The Y-8Q (also known as the Y-8GX6), is the Chinese Navy’s first true modern maritime patrol aircraft (MPA) capable of performing anti submarine warfare (ASW) missions in line with ASW MPAs of other international navies.
Despite having a Y-8 prefix, the Y-8Q is actually based upon the modernized Y-9 tactical airlifter (sometimes used interchangeably with the Y-8 Category III platform), rather than the older Y-8. The major differences between Y-8 and Y-9 lie in the Y-9’s improved engines (featuring upgraded WJ-6C turboprops rate at 5,100 ehp with six bladed JL-4 high efficiency blades, compared to the older four blade turboprop on Y-8s), as well as featuring a modern glass cockpit with modern avionics, and improved cargo handling bay as well. Y-9 can thus be viewed to Y-8 as C-130J is viewed to older C-130 variants.
The “Q” suffix of Y-8Q, refers to the Chinese word “qian” which is likely short for “qian shiu ting” (submarine), thus asserting the ASW nature of the Y-8Q. The Y-8GX6 designation is a reference to the aircraft being the sixth of the “GaoXin” (High New) special mission aircraft based off the Y-8/9 platform. Other aircraft of the “GaoXin” family include the Y-8W/Y-8GX5 AEW&C aircraft, as well as the Y-9JB/Y-9GX8 ELINT/SIGINT aircraft.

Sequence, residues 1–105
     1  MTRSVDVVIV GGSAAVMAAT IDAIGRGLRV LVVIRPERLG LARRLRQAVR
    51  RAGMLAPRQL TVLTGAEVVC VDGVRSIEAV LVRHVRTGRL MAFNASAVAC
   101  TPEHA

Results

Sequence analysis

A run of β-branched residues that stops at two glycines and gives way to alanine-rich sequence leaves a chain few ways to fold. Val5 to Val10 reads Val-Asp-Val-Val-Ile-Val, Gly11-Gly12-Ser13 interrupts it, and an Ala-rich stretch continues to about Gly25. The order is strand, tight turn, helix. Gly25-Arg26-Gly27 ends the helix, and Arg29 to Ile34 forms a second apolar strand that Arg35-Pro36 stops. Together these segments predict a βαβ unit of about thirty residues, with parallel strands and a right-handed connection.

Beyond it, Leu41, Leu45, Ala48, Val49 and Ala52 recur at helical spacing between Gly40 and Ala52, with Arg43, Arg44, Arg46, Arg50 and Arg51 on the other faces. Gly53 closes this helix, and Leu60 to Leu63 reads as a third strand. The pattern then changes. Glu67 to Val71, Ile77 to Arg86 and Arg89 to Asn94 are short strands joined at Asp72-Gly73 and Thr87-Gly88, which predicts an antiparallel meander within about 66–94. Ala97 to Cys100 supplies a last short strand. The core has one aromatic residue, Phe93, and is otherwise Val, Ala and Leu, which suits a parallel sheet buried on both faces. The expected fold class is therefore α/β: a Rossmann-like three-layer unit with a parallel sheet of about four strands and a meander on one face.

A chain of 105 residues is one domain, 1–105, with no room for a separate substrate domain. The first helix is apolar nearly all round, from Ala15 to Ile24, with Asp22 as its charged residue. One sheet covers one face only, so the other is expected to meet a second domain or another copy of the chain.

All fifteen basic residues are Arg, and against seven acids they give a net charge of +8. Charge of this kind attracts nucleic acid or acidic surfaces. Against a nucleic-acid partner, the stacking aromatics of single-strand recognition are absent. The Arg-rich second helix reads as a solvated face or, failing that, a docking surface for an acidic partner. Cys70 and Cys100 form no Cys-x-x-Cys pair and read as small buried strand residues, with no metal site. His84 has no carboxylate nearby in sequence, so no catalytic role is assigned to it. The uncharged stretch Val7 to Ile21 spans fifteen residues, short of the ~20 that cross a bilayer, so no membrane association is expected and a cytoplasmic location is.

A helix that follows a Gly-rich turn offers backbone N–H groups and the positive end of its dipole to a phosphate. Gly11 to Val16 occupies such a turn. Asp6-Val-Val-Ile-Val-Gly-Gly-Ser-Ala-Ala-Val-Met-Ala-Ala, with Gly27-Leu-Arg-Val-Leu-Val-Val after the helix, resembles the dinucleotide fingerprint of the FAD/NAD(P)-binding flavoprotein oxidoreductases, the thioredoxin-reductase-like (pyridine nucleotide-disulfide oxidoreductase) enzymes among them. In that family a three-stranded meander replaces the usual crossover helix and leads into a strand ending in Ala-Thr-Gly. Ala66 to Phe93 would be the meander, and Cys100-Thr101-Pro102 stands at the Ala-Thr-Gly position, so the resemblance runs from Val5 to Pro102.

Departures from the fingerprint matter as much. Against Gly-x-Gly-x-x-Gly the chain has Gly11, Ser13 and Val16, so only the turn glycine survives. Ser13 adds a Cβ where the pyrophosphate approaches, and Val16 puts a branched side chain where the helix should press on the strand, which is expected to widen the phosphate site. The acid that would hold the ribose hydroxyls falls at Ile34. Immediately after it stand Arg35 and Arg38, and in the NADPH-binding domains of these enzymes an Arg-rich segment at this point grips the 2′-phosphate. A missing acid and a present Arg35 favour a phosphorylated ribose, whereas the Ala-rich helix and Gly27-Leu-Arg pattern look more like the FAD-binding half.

Until recently, the Chinese Navy has not been a technologically advanced or even competitive navy when compared to its likely adversaries. Prior to its modernization drive which began in the early 2000s, the Chinese Navy was fielding obsolete capabilities in many domains of naval warfare, including anti surface, anti air, and anti submarine. Since then, the Chinese Navy has made great strides in anti surface and anti air capabilities – however its anti submarine capabilities have somewhat lagged behind in the modernization drive, despite the introduction of many ASW capable surface combatants, and that is due to the lack of a true ASW MPA. The Chinese Navy had fielded small numbers of SH-5 amphibious aircraft as an intended MPA aircraft, as well as the Y-8X with certain MPA capabilities, but both lacked the comprehensive sensors and weapons needed in a true ASW MPA, setting the stage for Y-8Q.
An ASW MPA variant of Y-8 had been speculated for much of the 2000s, but prototypes were only sighted in late 2011. The relative lateness of the appearance of a Chinese Naval ASW MPA may reflect increasing confidence of the Chinese military in its ability to contest airspace beyond its borders in the East and South China Seas where ASW MPAs would most likely operate. The appearance of Y-8Q may also reflect the Navy’s approval of the maturity and performance of vital subsystems necessary for a true ASW MPA, which may include sonobuoys, surface search radar, datalinks, and weapons integration.